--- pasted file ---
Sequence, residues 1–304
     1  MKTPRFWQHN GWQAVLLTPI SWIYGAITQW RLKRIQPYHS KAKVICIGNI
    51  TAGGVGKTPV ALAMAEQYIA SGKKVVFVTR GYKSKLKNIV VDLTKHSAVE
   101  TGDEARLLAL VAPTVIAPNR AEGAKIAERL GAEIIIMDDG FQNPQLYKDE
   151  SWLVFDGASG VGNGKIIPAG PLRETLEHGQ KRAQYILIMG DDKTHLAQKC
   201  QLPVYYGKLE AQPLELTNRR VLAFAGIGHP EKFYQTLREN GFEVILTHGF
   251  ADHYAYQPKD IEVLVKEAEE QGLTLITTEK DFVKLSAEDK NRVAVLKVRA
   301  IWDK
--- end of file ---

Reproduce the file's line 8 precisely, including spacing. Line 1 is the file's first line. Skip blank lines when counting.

   301  IWDK